Because this book is so short I’ve returned to it often over the years. I don’t re-read things all that much, but this book has proven to be worth the effort time and time again. Every time I read it I’m encouraged to lead with greater humility and reminded that the true heart of leadership is not selfish ambition, but selfless sacrifice. (*****)
I’ve been putting off launching this blog for a while now. Why? Because I’ve been scared. Specifically, I’ve been scared to write about something that I’m still such a rookie in.
Even though I lead every day in a complex environment and love to spend my time learning how to lead better, I still didn’t think what I had to share was worth sharing; after all, I haven’t been leading for all that long! But I’ve grown a lot since that season of doubt, and as part of that growth have decided to write regularly on leadership for the three following reasons.
Once upon a time I had another blog. Those days were simpler days. It was my first stab at blogging which meant it had a confusing url (sinschief.com- because the much better chiefofsinners.com was taken), way-too-long posts (1,500+ words), and really low-quality pictures that I just ripped off of google images (probably illegal to use).
Technical faults aside the posts were my first attempts to capture some of what God was teaching me about ministry, theology, and leadership so I’ve preserved them here. The content is pretty different and a lot more scattershot than the stuff you’ll find on my main page, but these ruminations have still been a part of my journey for better or for worse.
So if any of the above intrigues you, go ahead and have at it! You’ll find all my old stuff below, and I’ve even updated the images to make it all a tad more bearable to read. If the posts bless you now in reading even half as much as they once did me in writing it won’t be time wasted.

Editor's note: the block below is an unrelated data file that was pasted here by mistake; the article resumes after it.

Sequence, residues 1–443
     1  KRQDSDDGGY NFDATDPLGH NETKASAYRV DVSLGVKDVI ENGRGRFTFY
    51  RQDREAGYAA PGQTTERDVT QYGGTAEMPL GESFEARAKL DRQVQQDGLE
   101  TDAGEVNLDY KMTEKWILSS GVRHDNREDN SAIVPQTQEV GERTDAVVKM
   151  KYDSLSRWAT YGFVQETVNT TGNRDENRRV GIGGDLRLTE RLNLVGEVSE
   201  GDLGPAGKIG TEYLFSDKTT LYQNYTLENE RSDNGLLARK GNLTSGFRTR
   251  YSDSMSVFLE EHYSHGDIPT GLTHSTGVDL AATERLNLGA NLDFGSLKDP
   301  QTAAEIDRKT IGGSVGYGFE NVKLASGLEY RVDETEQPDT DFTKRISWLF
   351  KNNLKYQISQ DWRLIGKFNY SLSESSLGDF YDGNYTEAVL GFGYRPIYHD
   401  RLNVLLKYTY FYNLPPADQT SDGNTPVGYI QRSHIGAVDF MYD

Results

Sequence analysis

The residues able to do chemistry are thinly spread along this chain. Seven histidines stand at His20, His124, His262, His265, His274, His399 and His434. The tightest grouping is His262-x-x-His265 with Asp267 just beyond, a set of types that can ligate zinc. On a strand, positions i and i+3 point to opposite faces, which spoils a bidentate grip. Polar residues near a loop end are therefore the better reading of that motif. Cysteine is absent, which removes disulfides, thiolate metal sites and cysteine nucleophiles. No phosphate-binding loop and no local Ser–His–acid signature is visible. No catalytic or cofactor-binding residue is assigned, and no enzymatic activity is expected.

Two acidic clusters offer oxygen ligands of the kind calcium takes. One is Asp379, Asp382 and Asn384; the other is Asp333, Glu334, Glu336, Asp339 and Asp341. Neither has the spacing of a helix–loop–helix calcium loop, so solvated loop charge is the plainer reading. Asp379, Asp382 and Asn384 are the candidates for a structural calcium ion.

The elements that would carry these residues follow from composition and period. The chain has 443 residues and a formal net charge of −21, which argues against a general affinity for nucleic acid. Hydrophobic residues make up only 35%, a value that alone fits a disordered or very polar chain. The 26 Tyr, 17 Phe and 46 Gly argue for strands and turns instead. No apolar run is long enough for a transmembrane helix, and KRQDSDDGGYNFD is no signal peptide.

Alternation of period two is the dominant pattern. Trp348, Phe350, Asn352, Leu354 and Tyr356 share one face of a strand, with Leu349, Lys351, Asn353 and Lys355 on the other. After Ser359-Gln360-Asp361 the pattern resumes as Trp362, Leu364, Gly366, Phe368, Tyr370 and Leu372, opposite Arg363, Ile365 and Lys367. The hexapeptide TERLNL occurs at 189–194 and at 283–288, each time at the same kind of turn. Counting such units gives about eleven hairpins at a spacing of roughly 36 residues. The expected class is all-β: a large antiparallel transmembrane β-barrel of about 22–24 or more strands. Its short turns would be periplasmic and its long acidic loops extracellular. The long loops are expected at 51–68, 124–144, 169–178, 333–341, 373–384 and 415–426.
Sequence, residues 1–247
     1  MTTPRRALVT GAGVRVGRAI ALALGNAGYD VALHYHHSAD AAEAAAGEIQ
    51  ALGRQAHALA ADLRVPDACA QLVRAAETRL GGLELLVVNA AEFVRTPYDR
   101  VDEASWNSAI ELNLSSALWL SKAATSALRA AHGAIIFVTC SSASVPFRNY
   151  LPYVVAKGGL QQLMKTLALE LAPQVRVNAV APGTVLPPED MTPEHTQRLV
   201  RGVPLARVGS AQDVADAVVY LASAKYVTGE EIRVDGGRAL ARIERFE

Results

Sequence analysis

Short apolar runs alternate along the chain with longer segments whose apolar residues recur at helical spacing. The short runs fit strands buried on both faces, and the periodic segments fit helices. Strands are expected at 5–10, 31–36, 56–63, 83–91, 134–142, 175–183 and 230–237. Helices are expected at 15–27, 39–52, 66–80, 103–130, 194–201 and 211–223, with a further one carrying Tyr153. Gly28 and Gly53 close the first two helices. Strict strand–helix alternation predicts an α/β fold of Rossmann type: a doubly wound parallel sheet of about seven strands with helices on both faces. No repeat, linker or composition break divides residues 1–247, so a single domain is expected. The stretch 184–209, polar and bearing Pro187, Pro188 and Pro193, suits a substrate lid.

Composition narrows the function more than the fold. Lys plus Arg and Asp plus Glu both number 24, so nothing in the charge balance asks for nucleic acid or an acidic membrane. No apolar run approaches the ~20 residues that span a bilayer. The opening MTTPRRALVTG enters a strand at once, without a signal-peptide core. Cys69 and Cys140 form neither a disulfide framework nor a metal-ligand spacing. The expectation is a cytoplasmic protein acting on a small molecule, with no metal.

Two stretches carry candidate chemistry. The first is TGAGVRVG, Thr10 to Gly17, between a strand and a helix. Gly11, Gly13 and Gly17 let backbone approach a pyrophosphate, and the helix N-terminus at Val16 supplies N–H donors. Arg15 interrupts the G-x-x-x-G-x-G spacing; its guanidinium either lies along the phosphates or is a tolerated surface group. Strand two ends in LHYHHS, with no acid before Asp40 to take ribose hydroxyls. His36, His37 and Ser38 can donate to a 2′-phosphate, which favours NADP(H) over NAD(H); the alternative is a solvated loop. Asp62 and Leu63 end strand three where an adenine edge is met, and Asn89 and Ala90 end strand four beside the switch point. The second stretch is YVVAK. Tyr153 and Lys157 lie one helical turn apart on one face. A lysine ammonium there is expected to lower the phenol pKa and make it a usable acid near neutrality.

This past weekend I spent four days on a summer retreat with over 60 7th and 8th grade students. Needless to say, I’m pretty exhausted right now.
Although there are tons of memories that Ill bring home with me from the trip, one memory stands out above the others. The most memorable experience wasn’t contorting my body in ways previously unimaginable on the high ropes course, nor was it watching the students repeatedly consume candy and soda like they were determined to become diabetics. Rather the most memorable experience came around a campfire on the last night of the retreat around a campfire.
Before I share that experience, and the lesson I learned from it let me give you some background on the lead up to that night. Like I mentioned it was the last night of camp. That means that I’d already put my body through the paces of a high ropes course, a day long canoe trip, and wrestling with students in the Wisconsin river. The word exhausted honestly doesn’t even do justice to describe how I felt going into that night. I was so tired I even took a quick 45 minute nap before the campfire; that’s a big deal for me because I’m pretty sure I believe that naps are sinful.
Before I caved to temptation and took my power nap though I had an important task to accomplish.
I knew that the coming campfire was the last chance I was going to have to speak to our 60 something students, many of whom were not regulars at Youth Group, and I knew I needed to clearly and succinctly present the Gospel around the campfire that evening.
So in those tired 15 minutes before my eyes closed for the nap I sketched out a short sermon for that night. We’d been studying the book of Jonah over the last four days, and the end of Jonah 2:8 where Jonah declares that “…salvation is from the Lord” had jumped at me as a perfect verse through which to share the Gospel that night. As I finished structuring the sermon I could already tell that God was up to something. Click through and keep reading to see what He was up to.
In last weeks post I shared an incredible experience I had on our recent Middle School retreat. You can read more about that experience here, but if you’ve only got time to read one post today here’s the summary of part one. God clearly and graciously showed me on that retreat that I’ve spent far too much time in ministry trying to be awesome instead of getting out of the way to let Jesus be awesome.
Today I want to use this post to explore the Biblical support for what God showed me. I don’t want to ever use the phrase, “God showed me…” without being able to back it up in Scripture. So today I want to show what God showed me as it’s illustrated through the life of John the Baptist. Then later this week we’ll explore it as it’s illustrated through the Apostle Paul’s life. Let’s dive in.